U.S. Department of Labor Sues on Behalf of Man Paid in Pennies

Pennies paid to Andreas Flaten. | Image from Fox5

An auto repair shop owner in Peachtree City, Georgia, is being sued by the US Department of Labor after he paid his former employee in pennies, per Fox 5 News.

In March 2021, Miles Walker, owner of A OK Walker Autoworks, dispensed his former employee’s final paycheck in the form of oil-soaked pennies.

Andreas Flaten, the ex-worker, displaying a wheelbarrow of more than 91,000 in pennies to Fox 5, said, “This is my final paycheck. Nine-hundred-fifteen dollars in pennies.”

Flaten had to clean each penny individually.

In the complaint filed on Wednesday, Flaten explained that after resigning and not receiving his final check, he contacted the Department of Labor (DOL) in January 2021.

When the DOL Wage and Hour Division reached out to Walker, he informed them he would not release the former employee’s money. He then dumped the pennies, along with a derogatory note, onto Flaten’s driveway after discovering that the former employee called the department.

In addition, Walker allegedly posted slanderous things on his auto shop website about Flaten.

According to the Department of Labor, the employer’s behavior was an act of retaliation.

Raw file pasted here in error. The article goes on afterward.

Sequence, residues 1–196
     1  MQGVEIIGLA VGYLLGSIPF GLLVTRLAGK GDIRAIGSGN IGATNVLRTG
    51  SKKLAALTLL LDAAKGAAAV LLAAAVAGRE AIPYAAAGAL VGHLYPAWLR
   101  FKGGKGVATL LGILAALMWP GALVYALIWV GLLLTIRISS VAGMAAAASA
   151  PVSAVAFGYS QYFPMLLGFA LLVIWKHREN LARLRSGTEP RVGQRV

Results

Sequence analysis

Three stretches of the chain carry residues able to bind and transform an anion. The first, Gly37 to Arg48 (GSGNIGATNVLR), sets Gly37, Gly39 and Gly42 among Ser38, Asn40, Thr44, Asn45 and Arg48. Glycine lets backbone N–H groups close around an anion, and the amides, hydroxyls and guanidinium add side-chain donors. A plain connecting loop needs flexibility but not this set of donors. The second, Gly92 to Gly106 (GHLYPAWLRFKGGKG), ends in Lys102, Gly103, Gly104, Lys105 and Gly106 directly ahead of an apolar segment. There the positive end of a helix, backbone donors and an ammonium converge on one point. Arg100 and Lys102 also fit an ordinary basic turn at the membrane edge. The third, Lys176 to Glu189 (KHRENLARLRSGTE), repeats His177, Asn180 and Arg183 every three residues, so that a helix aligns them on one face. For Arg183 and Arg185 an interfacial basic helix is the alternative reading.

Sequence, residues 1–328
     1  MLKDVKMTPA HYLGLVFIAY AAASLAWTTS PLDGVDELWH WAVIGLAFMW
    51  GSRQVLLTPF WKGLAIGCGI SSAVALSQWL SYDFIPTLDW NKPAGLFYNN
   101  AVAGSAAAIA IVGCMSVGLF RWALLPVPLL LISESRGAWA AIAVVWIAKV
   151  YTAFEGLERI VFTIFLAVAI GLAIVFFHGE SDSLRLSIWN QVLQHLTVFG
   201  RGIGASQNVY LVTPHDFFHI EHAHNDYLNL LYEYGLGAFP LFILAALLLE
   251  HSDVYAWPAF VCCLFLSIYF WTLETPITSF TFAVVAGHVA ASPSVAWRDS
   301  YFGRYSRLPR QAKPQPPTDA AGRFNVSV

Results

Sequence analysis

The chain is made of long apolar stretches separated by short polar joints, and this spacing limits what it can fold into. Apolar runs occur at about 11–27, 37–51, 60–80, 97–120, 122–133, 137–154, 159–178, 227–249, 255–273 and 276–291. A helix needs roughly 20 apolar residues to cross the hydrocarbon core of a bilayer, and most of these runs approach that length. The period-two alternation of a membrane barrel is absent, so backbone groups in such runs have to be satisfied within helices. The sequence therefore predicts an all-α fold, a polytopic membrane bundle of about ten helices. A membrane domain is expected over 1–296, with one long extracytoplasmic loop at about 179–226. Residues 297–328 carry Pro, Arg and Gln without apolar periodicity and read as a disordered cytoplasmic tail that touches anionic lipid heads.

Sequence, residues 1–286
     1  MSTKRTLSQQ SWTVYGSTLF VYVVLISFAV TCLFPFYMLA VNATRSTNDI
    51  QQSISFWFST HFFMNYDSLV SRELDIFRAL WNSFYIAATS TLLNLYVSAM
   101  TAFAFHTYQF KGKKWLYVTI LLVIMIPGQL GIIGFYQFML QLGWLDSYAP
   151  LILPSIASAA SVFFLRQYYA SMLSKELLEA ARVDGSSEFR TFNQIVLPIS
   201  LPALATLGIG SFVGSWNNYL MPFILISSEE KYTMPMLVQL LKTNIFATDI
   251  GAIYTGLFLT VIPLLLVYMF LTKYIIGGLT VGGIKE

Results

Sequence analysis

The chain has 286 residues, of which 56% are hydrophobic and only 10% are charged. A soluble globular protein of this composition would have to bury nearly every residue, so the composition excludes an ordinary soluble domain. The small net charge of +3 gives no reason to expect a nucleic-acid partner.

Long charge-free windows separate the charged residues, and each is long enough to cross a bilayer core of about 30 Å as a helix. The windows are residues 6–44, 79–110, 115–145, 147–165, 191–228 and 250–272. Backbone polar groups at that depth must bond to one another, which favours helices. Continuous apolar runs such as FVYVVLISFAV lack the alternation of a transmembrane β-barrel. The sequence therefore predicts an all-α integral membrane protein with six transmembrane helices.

Steven Salazar, the District Director with the US DOL Wage and Hour Division, said of the incident, “An employee has a right to understand what their rights are and to ensure they are being paid properly. Any time they inquire [about] the employer, whether it be verbally or in writing or even contacting our office, that employee has a right to not be retaliated against or discriminated against.”

According to Salazar, the auto shop owner also owes $37,000 in back wages and liquidated damages and does not meet the Fair Labor Standards Act requirements.

The district director explained one of the elements Walker is lacking in is “Recordkeeping, which means they’re tracking the actual hours employees are working and making sure they’re paying them in compliance with the minimum wage, which is 7.25 an hour under federal law for all hours worked. Then overtime, premium pay for hours worked over 40 hours in a work-week. So without maintaining proper records, how is the employee expected to be paid properly?”

Salazar urges employees to use their voices if they feel they are not being appropriately treated and also suggests employers should give DOL a call if they need assistance with understanding the regulations.

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